Remembering Geoffrey Hill
Geoffrey Hill made time to read my poems in 1967. He had been the undergraduate tutorial partner at Keble of my friend Peter Jones (they were implausibly referred to, I was later told, as ‘Tweedledum and Tweedledee’). Peter sent my poems, and Geoffrey replied with a careful, full and serious letter. He made it clear that I had a very long way to go. But he had taken time, real time, and care.
Fifty years later Stand, the magazine that meant so much to him, is celebrating his work, the way that Agenda did a few times. The first Hill Agenda was, I think, in Spring, 1979. I have before me a later issue, Agenda’s Hill-sixtieth-birthday issue (Spring-Summer 1992) with seventeen more or less substantial contributions. Four years later came a ‘Tribute Issue’ with six further substantial pieces, including Jeffrey Wainwright’s resonant essay ‘History as Poetry’.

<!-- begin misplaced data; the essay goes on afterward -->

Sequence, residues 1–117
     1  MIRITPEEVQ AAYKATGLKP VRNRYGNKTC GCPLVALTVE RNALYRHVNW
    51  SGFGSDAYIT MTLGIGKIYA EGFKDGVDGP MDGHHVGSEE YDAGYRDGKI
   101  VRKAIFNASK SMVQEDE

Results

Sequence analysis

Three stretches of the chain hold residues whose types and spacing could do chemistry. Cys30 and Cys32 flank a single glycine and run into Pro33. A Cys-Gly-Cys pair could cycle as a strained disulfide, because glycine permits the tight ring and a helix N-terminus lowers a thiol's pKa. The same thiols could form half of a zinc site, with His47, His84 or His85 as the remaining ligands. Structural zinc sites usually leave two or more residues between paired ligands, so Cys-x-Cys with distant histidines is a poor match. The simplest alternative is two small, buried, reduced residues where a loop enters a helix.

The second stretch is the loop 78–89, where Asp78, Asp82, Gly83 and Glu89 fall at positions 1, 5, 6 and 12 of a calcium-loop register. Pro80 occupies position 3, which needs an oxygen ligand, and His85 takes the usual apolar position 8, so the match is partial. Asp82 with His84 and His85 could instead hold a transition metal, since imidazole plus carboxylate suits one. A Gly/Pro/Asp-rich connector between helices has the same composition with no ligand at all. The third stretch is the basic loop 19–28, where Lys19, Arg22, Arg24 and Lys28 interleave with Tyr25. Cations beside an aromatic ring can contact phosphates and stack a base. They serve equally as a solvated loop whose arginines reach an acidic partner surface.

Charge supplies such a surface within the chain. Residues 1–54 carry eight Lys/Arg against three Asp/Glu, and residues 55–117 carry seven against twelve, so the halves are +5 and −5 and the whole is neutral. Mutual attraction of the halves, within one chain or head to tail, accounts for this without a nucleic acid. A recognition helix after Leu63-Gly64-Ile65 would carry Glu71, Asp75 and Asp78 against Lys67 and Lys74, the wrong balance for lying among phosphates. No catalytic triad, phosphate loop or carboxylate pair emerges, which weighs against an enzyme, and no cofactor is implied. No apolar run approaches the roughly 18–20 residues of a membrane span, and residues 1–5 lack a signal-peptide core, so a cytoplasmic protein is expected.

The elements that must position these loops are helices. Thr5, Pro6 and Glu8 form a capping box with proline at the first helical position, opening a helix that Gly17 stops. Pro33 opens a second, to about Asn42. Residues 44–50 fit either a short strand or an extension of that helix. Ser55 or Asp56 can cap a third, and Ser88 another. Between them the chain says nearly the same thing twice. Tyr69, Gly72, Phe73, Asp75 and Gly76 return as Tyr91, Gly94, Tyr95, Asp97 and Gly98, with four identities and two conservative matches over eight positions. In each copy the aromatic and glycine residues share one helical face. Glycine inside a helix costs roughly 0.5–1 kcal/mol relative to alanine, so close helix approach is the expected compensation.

In this little tribute, I take my bearings from C.H. Sisson’s contribution to the 1992 Agenda, in which he recalls the reading tour he and Brian Patten took with Hill to Canada, marks their cross-generational friendship, and raises a fundamental question – about the ways in which what seems the same history is lived and experienced by writers divided by only a couple of decades. Sisson gives a précis of a review he had written for PN Review almost ten years earlier, of The Mystery of the Charity of Charles Péguy. Somehow his judgement in abbreviated form seems harsh: Sisson was growing older and at the same time increasingly exasperated by the directions the ...
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